In Connecticut, the health and life sciences represent an area of strategic growth supported by significant public and private investment. Approximately 200,000 people in the state work in health and life science industries, with another 11,000 additional jobs expected in the next eight years.

The Health and Life Sciences Career Initiative (HL-SCI) is designed to prepare workers to take on these new jobs with a particular focus in recruitment on veterans, TAA-eligible workers (those displaced by foreign trade), dislocated, unemployed and under-employed workers. Learn more.

 

 

    Academic Science and Laboratory Building Ribbon Cutting

    Students engaged in scientific research at Southern now have a state-of-the-art facility and cutting-edge equipment that will better prepare them for the 21st century.

    A ribbon-cutting to mark the ceremonially opening of the university’s Academic Science and Laboratory Building was held Friday in front of SCSU’s students, faculty and staff, as well as local and state dignitaries, and business leaders.

    Academic Science and Laboratory Building

    The building – a four story, 103,608 square-foot-facility – will be the “focal point” for the university’s science programs. It connects with Jennings Hall, which has been the main science building at SCSU for more than three decades. Morrill Hall, also used by SCSU for science classes, labs and offices, is connected to Jennings. The three buildings provide the university with a new “science enclave.”

    “This signature building will truly enhance our ability to foster the next generation of Connecticut’s scientists,” said SCSU President Mary A. Papazian. “Certainly, the need for new facilities for our science programs was clear, as our enrollment in STEM courses has been steadily increasing, in step with workforce demand in these fields. By producing more graduates with much-needed expertise in science and technology, Southern will continue to be a key player in Connecticut’s economic revival.”

    Student Katherine Perez and Nanotechnology
    Katherine Perez, a physics major and New Haven Promise scholar, said the new building gives all STEM (science, technology, engineering and mathematics) students the opportunity to explore the many different scientific fields.

    “This building was constructed for the sole purpose of giving its occupants the ability to think freely, to think outside the box,” Perez said. “The new laboratories are spacious and equipped with the latest, state-of-the-art equipment and technologies so that each student has the necessary tools to help improve their academic learning and research. (They) also provide students with the ability to conduct more collaborative research, which is an experience every STEM student should have since (it) is an important skill to have when working in industry.”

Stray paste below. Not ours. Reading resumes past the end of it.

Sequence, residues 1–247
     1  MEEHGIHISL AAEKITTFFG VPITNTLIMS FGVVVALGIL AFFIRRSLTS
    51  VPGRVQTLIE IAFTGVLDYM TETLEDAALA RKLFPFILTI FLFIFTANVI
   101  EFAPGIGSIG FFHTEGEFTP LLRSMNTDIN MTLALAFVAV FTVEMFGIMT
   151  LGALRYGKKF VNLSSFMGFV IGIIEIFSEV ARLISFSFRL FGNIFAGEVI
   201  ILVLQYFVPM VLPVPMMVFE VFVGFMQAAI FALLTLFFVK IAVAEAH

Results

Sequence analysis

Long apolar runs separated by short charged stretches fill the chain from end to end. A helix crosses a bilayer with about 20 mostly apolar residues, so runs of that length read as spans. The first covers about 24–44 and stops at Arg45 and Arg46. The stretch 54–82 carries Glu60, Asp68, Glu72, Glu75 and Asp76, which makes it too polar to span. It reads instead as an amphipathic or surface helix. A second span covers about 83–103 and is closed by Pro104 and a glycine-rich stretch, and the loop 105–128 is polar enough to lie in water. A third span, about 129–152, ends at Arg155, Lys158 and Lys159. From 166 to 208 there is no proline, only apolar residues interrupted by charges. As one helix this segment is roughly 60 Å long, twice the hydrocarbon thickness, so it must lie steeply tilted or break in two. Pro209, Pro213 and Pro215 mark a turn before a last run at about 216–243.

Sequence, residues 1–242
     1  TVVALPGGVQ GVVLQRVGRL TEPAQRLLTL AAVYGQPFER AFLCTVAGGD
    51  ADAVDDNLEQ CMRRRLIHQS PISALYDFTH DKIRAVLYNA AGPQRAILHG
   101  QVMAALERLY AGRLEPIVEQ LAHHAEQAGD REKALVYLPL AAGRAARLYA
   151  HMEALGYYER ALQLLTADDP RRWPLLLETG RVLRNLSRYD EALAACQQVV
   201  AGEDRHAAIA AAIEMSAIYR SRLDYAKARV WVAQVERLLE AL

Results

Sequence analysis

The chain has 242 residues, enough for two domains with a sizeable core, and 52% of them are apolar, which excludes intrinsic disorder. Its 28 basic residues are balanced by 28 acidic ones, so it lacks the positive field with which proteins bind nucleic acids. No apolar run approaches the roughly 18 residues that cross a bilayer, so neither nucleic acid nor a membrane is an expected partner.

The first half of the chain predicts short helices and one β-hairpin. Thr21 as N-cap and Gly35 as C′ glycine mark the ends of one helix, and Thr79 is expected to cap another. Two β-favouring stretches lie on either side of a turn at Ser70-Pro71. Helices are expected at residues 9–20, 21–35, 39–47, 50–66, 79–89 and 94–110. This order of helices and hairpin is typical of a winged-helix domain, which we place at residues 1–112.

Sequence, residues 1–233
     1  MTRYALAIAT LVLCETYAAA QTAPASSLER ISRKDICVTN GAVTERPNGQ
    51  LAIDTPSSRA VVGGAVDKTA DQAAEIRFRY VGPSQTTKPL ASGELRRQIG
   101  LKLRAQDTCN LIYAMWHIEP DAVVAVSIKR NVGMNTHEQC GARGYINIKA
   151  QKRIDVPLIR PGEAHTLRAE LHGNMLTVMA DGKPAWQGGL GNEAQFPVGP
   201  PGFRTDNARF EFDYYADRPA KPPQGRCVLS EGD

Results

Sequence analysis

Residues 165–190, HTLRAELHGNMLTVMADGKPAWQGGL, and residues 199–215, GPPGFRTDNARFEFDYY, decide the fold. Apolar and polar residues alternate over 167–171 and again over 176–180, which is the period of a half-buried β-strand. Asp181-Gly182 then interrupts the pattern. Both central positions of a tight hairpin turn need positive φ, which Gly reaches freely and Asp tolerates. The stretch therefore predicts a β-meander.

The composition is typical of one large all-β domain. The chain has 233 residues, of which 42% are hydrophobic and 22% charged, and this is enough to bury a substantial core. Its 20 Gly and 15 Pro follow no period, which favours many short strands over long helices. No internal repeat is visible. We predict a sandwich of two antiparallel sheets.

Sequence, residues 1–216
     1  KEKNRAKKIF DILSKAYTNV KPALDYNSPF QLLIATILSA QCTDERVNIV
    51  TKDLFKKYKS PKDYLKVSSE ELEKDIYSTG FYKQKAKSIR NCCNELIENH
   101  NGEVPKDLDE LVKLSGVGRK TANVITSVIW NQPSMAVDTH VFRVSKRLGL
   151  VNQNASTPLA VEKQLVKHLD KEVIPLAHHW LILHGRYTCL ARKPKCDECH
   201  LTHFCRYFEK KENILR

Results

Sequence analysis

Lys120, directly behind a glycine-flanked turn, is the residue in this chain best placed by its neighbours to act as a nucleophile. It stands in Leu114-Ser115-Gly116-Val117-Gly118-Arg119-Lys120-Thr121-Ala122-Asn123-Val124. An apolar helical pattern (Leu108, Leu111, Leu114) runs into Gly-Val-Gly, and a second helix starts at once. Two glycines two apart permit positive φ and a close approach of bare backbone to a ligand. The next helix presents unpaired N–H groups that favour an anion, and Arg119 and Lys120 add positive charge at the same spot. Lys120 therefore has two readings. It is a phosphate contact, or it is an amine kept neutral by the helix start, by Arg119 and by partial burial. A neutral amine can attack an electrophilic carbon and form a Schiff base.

Other speakers included Merle Harris, a member of the state Board of Regents for Higher Education; Steven Breese, SCSU dean of the School of Arts and Sciences; Ted Gresik, senior director, North America service, environmental health for PerkinElmer; Thomas Fleming, chairman of the SCSU Department of Earth Science; Kristin DeRosia-Banick, environmental analyst for the state Department of Agriculture, Bureau of Aquaculture; and Pasquale Salemi, deputy commissioner of the state Department of Construction Services.

    The “L-shaped” building features a brick and glass exterior, as well as a skywalk to Jennings. Academically, the building will host teaching and research labs for physics, earth science, environmental science, molecular biology and chemistry. It includes a high performance computing lab for research in theoretical physics, bioinformatics and computer science.

    The Connecticut State Colleges & Universities (CSCU) Center for Nanotechnology is located on the ground floor. On the first floor, a saltwater Aquaria Room with a touch tank will be featured and will be a centerpiece of outreach to area schools and the community. In addition, a giant, model nanotube runs through the middle of the building and will light up dramatically as an additional attraction.

    Werth Center for Coastal and Marine Studies, Touch Tank

    The Werth Center for Marine and Coastal Studies is housed on the first and second floors. The center has several new labs, including an analytic lab (where mercury levels can be determined) and a sediment coastal science lab (where levels of sediment can be tested).